After the U.S. Supreme Court’s decision on the Defense of Marriage Act, there was a lot of discussion in the benefits community about when official guidance might be issued regarding the impact of the decision on federal tax issues. Last week the Internal Revenue Service issued Revenue Ruling 2013-17, which confirms that they will consider a same-sex couple married for federal tax purposes if they were married in a state or foreign country that recognizes same-sex marriage regardless of where the couple resides. Thus, the IRS will not restrict the recognition of same-sex marriages to the state of “domicile,” but instead considers marriages valid even if the couple now resides in a state that does not have same-sex marriage.
This new guidance goes into effect on September 16, 2013, but it also gives taxpayers the right to file amended returns for “open” tax years. So, if an employee was not allowed to pay for his/her same-sex spouse’s coverage on a pre-tax basis in past years, the employee may file an amended return to have those payments regarded as pre-tax salary reductions. To assist in explaining this, the IRS also issued FAQs explaining how individuals in same-sex marriages should file their tax returns going forward and when they may be entitled to a refund. The FAQs also provides some explanation for instances where and employer may also request a refund for Social Security and Medicare taxes paid on benefits. The IRS does not, however, specifically recognize “civil unions.”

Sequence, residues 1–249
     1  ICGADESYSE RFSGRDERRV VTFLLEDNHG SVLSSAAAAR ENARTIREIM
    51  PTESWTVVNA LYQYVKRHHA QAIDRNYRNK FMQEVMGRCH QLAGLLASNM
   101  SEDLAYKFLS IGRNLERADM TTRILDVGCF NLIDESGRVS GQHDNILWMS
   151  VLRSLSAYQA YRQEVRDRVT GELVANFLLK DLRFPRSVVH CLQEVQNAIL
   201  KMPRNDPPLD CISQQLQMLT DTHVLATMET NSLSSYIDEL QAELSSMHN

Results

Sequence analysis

This ruling clearly does not address all state taxation concerns on this matter and each individual state may issue its own guidance on taxation of same-sex marriages. Also, there may be additional guidance from the IRS in the coming month. However, for the time being, employers should review this ruling to make sure they adjust their payroll and tax practices to recognize same-sex marriages for federal tax purposes, even if they operate in a state that does not recognize these marriages.
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